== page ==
WHEN Max Clifford took on Shrien Dewani as a client four years ago, there was every chance of a long prison sentence. Few, though, expected Clifford would be the one languishing in a cell at the conclusion of Dewani’s trial.
Scroll back four years and Dewani, a British businessman holidaying in Cape Town with his new bride, quickly went from being the innocent victim of a honeymoon hijacking, to the chief suspect in her murder.
It was a sensational plot development and a story that had everything, allowing us all to play the role of armchair detective. Why would you go to one of Cape Town’s most dangerous townships at the dead of night? Why had Dewani been left unscathed by the side of the road while his bride was shot dead in the back of a taxi? Could he not have done more to save her? Plenty of journalists were quick to point the finger of suspicion.
I was Deputy Editor of The Sunday Telegraph at the time and, like everyone, was intrigued by the case. But I remember being troubled by the idea that, just 30 minutes after meeting him for the first time, Dewani had asked a taxi driver to murder his wife. Either the man was unbelievably reckless or the whole thing was wildly implausible. It was one of the elements that made the story so compelling.
We asked the paper’s chief reporter, Robert Mendick, to investigate. His article in December 2010, ten days after Dewani’s arrest, raised questions over the police case against the British businessman. Ballistics evidence seemed to suggest a struggle in the back seat of the taxi rather than a cold-blooded execution.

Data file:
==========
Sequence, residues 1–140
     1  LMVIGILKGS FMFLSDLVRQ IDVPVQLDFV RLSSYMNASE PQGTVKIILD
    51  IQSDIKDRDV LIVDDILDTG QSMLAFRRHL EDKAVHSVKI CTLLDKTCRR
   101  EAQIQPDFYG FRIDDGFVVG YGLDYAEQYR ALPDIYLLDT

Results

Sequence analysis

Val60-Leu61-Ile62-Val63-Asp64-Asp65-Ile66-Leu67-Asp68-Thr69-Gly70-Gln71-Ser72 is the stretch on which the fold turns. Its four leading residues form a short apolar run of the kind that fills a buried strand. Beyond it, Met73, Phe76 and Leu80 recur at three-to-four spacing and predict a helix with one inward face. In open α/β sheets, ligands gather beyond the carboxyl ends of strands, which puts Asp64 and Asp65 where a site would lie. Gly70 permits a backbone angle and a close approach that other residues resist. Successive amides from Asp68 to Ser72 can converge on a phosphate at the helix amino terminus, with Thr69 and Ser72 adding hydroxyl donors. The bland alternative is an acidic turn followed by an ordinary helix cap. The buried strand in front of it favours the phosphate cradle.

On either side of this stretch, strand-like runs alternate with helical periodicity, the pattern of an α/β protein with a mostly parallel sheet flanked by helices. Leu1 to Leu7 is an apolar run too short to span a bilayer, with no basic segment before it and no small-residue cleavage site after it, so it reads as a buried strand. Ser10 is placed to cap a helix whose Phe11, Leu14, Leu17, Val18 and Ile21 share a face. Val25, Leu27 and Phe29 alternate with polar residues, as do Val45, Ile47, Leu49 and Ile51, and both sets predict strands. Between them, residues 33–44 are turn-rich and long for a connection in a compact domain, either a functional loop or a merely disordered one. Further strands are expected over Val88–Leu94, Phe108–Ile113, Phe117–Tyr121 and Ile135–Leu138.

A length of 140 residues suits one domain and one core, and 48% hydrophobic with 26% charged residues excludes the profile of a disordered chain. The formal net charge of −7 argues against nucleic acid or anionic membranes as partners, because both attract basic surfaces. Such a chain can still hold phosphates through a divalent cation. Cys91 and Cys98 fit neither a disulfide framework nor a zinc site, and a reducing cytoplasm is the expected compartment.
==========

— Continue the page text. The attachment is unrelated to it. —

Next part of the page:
Two years later, Robert again highlighted inconsistencies in the case against Dewani, revealing he had not even reached his hotel in Cape Town at the time when he was alleged to have already met the taxi driver and paid him to murder his bride.
In the four long years between Anni Dewani’s murder and the collapse of her bridegroom’s trial, it became a battle between rival spinners just as much as rival lawyers.
No one could fail to feel sympathy for Anni’s family as the quest for truth proved interminable – and elusive. They were convinced their son-in-law’s homosexuality was key to their daughter’s murder and made no secret of the fact to any journalist who came calling. Meanwhile, Clifford had a good deal of success in drawing attention to the flaws in the police investigation – even if his claims that Dewani had never been in a homosexual relationship were shown to be untrue.
Ultimately, that made no difference; the case unravelled in a Cape Town court. Dewani is a free man with a story to tell. Ironically, Clifford is in a jail cell with no opportunity to sell it.